But now that you have an idea what you spent in some categories last month, you can use those plus these percentage guidelines to create a budget for the coming month.
For example, if your take home pay is $3,000, by this guideline you would budget up to $300 to your church or favorite non-profit. You would put $300 in savings and spend up to $1,050 for housing. From there you can spend up to $300 for utilities, $450 for food, $300 for transportation and $150 for clothing.
Again, these are guidelines. Bills have to be paid, so you should fully fund those expenses first and then adjust other categories accordingly. If you have to skip tithing for a month, fine. But don’t leave the savings column blank too. You have to pay yourself in some way, and savings is important especially if you don’t have much savings to speak of anyway.
By accounting for your savings in your budget, you are taking advantage of the simplest way to get rich. Don’t leave savings blank. Ever. Even if you can only save 1% because money is tight, save that 1%.
Here is a sample of what your budget should look like at this point.
Step #4: Set Up Your Budget
Now that you have your previous month’s bills accounted for, you can go back over those categories, erase the numbers and put in a number that will line up with your budget. If you are sure you are not close to the maximum budget percent for that category, don’t stuff the category with extra money.
For example, if you record all of your food costs, both groceries and dining out, and it comes to 9% of your income, don’t adjust your food budget up to 15%. We need some room for adjustments in the coming months.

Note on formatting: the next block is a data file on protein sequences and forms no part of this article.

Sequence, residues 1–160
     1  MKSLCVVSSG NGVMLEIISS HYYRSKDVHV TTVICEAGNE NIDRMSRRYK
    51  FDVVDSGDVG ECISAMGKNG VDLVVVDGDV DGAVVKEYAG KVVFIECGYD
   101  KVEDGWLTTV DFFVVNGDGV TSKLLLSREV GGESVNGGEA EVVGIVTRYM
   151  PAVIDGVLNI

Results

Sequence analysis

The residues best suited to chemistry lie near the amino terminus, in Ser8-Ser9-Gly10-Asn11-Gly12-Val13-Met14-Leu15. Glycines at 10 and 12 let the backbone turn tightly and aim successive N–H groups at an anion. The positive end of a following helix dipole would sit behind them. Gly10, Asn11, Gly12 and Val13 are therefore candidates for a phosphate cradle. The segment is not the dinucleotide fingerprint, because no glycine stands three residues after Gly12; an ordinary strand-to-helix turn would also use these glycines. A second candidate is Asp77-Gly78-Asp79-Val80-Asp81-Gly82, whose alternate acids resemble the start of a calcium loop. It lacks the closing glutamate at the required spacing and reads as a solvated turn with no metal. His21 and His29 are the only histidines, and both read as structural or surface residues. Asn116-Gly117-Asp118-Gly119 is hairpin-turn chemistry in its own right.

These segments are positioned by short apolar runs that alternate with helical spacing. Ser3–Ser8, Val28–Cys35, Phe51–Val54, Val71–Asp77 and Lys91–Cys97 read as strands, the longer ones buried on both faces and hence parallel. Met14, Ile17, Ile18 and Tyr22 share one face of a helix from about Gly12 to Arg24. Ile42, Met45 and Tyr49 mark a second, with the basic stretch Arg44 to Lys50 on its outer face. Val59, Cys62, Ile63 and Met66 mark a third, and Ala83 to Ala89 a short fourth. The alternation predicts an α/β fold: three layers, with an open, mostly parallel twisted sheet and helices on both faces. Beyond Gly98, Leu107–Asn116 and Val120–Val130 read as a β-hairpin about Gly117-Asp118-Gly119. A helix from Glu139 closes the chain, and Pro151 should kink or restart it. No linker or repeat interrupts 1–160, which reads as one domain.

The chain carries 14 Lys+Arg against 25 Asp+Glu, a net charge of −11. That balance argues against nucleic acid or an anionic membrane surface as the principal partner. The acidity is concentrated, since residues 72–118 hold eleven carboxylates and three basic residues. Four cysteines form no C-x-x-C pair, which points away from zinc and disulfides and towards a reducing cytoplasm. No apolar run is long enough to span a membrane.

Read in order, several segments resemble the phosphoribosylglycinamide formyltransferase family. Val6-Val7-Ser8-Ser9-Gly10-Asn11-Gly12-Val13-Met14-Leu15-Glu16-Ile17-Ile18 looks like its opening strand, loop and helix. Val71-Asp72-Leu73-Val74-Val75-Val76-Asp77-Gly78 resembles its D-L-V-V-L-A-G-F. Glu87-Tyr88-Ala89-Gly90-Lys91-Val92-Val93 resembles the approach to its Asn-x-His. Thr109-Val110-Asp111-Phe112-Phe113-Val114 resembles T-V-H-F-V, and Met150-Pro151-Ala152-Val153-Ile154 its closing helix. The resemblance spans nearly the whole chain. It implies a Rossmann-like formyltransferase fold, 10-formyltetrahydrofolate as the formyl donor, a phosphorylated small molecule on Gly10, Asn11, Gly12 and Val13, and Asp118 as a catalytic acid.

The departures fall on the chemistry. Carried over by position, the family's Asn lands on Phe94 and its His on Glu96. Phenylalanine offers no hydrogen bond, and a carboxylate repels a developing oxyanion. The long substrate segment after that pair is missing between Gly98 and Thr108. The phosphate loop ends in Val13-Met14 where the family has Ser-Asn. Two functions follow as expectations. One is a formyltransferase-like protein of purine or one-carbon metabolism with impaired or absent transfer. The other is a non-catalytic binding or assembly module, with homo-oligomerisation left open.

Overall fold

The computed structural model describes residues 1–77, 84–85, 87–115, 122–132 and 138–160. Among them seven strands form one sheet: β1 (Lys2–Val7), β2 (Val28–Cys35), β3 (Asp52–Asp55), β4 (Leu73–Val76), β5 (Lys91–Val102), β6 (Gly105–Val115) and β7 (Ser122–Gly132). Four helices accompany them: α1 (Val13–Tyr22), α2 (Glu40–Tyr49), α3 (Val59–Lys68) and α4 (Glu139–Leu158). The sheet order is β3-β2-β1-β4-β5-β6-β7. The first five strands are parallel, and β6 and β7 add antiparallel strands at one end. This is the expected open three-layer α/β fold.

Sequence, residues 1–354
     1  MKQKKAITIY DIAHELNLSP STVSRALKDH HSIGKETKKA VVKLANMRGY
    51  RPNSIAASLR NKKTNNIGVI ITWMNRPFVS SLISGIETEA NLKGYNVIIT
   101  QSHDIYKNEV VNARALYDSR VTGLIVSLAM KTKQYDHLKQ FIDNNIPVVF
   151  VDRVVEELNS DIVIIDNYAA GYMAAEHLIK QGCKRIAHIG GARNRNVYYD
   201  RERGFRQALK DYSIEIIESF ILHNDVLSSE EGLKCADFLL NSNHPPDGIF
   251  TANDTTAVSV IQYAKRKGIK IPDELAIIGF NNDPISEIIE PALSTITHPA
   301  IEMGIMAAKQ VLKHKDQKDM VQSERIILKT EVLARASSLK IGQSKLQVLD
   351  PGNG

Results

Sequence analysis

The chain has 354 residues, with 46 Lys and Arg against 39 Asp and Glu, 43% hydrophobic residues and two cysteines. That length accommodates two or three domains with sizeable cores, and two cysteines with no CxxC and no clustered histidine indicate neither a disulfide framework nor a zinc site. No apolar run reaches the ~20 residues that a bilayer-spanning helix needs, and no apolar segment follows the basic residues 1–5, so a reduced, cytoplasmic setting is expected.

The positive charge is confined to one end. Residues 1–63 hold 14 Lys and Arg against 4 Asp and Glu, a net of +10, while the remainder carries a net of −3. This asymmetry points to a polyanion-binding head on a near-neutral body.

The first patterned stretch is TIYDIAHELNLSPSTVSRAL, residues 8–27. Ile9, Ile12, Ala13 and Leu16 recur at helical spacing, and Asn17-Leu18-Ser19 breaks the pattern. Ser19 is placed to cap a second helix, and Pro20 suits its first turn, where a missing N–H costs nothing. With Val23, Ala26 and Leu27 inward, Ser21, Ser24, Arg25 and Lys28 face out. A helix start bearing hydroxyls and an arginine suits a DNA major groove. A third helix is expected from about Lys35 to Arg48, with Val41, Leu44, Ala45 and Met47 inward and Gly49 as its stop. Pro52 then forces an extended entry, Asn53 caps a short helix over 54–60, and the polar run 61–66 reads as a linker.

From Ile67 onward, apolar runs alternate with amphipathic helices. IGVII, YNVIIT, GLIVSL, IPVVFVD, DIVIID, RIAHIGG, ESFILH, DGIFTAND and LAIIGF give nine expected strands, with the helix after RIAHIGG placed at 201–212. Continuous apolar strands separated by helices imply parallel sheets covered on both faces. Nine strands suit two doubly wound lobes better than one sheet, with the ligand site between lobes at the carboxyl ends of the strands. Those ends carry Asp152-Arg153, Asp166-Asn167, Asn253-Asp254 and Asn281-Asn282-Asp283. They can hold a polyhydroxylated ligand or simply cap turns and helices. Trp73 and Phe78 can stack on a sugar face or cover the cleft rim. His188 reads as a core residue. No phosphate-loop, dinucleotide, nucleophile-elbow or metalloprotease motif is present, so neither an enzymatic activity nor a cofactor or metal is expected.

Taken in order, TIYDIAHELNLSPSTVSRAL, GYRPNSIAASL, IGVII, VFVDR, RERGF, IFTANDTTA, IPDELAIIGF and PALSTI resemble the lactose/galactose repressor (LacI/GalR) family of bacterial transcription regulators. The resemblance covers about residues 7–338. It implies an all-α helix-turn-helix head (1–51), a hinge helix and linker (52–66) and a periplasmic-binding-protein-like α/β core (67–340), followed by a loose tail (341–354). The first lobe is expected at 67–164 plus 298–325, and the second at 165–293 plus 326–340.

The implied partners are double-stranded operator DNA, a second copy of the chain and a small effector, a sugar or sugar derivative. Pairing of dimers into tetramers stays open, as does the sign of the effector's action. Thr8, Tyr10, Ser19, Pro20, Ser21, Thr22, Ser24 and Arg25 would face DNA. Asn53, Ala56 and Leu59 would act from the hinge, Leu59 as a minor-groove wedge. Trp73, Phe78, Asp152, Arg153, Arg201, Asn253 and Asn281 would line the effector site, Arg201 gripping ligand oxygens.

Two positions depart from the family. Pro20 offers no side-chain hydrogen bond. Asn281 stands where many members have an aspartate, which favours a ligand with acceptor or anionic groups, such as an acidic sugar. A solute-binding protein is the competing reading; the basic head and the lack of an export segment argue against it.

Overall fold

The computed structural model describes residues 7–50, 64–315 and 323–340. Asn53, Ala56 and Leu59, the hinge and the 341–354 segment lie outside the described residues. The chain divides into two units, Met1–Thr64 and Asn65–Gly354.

Remember, the maximum amount in those seven categories accounts for 95% of your take-home pay, so you will have to re-allocate to have money for debt payments, pocket money, gifts, or any additional categories you added in your budget.
Work down the list of categories, remembering to at least put something in savings, even if it’s just $25. Once you have a number for each of the seven categories, fill in the rest of your take-home pay in as many of the categories as you can.
If you don’t think you will need clothes for this month, you can either leave it blank or put in a “down payment” for next month, like $20 as a placeholder. I have placeholders in my budget and if I don’t use that category, the amount rolls over to the next month, then the next, then the next, until I actually do use it. I might have $80 or $100 in clothing available for when I need that new pair of jeans or a new pair of sneakers.
This is also a good idea for those bills that come up every few months. You can divide your annual car-insurance premium by 12 months and put aside that amount every month to pay the bill when it comes due every six months.
Here is how my budget looks after this step.
Step #5: Zero It Out
Having your money allocated into each category is great, but now you have to make the final adjustments, because the total of your outgo has to equal your take-home pay so when you subtract outgo from income the resulting number is zero. This is called zero-based budgeting, and the goal is to make sure that every dollar that is coming in is labeled as it goes out. Every. Single. Dollar.
If you actually have a positive number when you do the subtraction, that may mean you have room to add money into a category. Ideally this money should go towards paying off debt or adding it into savings.
If you have a negative number left, that means you allocated too much money in the categories, so you will need to make some cuts.
When this happens, it usually means you have been living beyond your income, which is another way of saying you are overspending. When you do this, you will never get ahead financially. By learning how to budget, we can correct this so that you can get out of debt, start saving and eventually reach your financial goals.
If you have to cut back, where do you make cuts and by how much? We will tackle how much first.
We know the total amount of overspending already, we just have to break it into smaller pieces and spread it out. For example, if you are over budget by $200, you can either pick a category and work to reduce that by $200 a month or you can pick 4 categories and reduce each by $50.